School of Cultures, Languages and Area Studies

Support for our students

Good studying is about more than having brilliant academics to teach. It's also about the community you work in and the support you receive, both academic and personal. We're proactive in making sure you have the support you need, with the right people at the right time.

Personal tutors

Personal tutors act as a gateway to the university. They will support you on your:

  • general academic performance
  • professional development, for example volunteering and study abroad opportunities
  • general emotional and welfare issues

Your personal tutor may be able to help you directly or they may refer you to the appropriate support services within the university.

Personal tutors are experienced full-time members of staff and the welfare of their students is very important to them.

You will have regular meetings with your personal tutor to look at your progress but their door is always open if you need additional support and guidance.  

Feedback from our students

The department are incredibly supportive. They always make themselves available for meetings and are happy to talk through ideas and concerns.

The staff are fantastic, and because it is a smaller course, you feel like you know the staff well and that your part of the university much more than if you were in a bigger course.


The time that the teachers give back to you, their doors are always open.



Peer mentors

Peer mentors are specially trained students who will help you settle into your course and student life.

You'll be paired with a second or final year student who is studying in the same department.

Your mentor will support you with anything from how to make the most of tutorials, to recommending local takeaways! The peer mentoring scheme also helps students across all year groups get to know each other, and contributes to making the department a supportive and friendly place to study.

Feedback from students in Cultures, Languages and Area Studies  

I would highly recommend being a CLAS Peer Mentor to anyone because you get to make new friends and it is satisfying to see your mentees grow and become more confident throughout the year.

- Anna Heathcote Woodbridge, BA Modern Languages (French and Spanish) student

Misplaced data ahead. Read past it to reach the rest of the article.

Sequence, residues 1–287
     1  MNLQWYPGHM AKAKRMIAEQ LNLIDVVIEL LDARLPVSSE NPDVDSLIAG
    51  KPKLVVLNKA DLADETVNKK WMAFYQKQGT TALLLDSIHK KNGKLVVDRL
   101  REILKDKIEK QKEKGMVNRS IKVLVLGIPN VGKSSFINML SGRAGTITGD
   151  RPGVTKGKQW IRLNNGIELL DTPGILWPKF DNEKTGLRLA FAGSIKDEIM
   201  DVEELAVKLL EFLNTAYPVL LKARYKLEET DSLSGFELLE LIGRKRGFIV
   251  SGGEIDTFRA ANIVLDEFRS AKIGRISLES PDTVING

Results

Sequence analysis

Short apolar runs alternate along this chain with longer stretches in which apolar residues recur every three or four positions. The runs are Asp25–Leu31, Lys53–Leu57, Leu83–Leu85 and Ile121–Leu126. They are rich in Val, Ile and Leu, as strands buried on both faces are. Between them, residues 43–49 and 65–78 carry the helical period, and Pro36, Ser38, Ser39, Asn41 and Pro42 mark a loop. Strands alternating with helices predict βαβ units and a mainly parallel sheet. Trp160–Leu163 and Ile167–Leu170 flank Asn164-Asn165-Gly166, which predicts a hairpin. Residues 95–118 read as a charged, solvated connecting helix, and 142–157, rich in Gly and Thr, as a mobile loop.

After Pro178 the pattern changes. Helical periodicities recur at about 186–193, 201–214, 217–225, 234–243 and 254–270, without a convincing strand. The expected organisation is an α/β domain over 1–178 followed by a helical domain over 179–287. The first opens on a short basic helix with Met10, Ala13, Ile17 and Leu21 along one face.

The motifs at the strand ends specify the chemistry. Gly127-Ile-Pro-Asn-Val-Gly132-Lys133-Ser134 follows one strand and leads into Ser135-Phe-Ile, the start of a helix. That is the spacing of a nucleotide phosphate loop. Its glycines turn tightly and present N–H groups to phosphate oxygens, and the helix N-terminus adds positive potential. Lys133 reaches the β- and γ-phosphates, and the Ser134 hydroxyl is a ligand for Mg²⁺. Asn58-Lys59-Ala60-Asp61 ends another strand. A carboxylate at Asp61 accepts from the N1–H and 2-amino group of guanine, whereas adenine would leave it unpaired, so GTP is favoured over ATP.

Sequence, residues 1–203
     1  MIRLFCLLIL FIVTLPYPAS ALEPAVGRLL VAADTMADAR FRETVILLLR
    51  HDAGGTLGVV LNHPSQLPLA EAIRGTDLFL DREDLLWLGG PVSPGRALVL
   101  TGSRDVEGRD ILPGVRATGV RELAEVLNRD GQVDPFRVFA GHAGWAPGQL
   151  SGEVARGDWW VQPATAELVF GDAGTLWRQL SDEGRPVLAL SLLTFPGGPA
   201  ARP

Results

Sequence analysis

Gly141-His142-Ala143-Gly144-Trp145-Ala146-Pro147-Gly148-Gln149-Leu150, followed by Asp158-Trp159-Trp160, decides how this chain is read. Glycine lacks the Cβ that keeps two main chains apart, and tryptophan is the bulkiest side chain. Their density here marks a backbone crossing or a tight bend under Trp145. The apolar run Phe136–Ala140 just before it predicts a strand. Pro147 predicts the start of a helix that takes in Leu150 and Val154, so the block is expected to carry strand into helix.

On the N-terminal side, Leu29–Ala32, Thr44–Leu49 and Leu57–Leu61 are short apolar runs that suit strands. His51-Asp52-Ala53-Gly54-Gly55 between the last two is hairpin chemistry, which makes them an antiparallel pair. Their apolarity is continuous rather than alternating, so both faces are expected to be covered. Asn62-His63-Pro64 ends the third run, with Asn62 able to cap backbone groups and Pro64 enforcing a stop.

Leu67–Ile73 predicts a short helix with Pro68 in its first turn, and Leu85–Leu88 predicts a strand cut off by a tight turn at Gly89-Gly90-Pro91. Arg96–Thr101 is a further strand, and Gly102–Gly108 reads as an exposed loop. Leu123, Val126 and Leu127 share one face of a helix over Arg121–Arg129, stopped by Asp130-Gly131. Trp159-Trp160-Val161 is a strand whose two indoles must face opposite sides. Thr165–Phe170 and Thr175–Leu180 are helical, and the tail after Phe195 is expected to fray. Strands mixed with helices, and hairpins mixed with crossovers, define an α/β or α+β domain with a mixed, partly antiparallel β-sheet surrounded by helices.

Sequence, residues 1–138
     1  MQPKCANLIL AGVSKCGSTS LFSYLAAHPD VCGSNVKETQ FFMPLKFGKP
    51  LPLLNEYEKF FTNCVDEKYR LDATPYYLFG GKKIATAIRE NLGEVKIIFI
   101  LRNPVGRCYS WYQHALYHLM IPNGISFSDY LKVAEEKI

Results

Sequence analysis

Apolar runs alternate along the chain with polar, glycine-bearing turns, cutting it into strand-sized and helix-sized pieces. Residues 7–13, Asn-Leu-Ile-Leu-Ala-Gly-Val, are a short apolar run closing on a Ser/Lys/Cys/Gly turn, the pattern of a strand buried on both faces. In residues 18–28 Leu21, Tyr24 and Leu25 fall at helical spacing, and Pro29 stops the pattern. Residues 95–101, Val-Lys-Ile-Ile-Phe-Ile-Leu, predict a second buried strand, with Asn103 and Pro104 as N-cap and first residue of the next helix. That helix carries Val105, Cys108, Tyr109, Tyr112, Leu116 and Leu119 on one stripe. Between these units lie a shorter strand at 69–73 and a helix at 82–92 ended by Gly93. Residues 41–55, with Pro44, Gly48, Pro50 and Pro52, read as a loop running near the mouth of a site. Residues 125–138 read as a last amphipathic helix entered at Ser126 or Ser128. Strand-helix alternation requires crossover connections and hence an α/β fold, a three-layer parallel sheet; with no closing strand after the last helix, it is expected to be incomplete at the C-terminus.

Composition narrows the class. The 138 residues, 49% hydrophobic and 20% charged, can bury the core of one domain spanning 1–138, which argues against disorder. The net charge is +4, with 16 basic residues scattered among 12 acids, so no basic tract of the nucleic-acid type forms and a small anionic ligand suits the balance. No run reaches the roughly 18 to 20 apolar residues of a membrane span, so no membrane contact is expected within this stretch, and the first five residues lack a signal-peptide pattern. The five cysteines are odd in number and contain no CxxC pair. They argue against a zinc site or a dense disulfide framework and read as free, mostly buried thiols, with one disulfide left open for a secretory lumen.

I had volunteered to be a peer mentor previously in my second year, and that’s what motivated me to apply again. What I appreciate most is the opportunity to share my knowledge with fresher students – when you arrange a meeting, you know that your mentees have come solely for the purpose of gaining insight from you.

On the other hand, I have experienced times whereby you reach out to your mentees and you hear back from not a single one. Once again, this seems discouraging, but it teaches you resilience, as though a student might not need you immediately sometimes during the year, they can seek support, and regularly checking in reminds them that you’re available.

- Sarah Oladele,BA Jt Hons English and Hispanic Studies


If you’re a perturbed prospective student, or even a frazzled first year, I would recommend the peer mentoring scheme. The scheme is not an alternative for teaching or counselling, but it gives you unprecedented insight into aspects of your course, as well as an opportunity to meet new people. Furthermore, if you haven’t established a relationship with your personal tutor just yet, it’s much easier to talk to a student to put your mind at ease.

- Peer Mentee 2019/20


Support across the University

The University has high quality, dedicated student support services. They cover issues such as:

  • physical disabilities
  • learning needs such as dyslexia
  • finances
  • health
  • documentation.

Find out more about student services



School of Cultures, Languages and Area Studies

University Park
Nottingham, NG7 2RD

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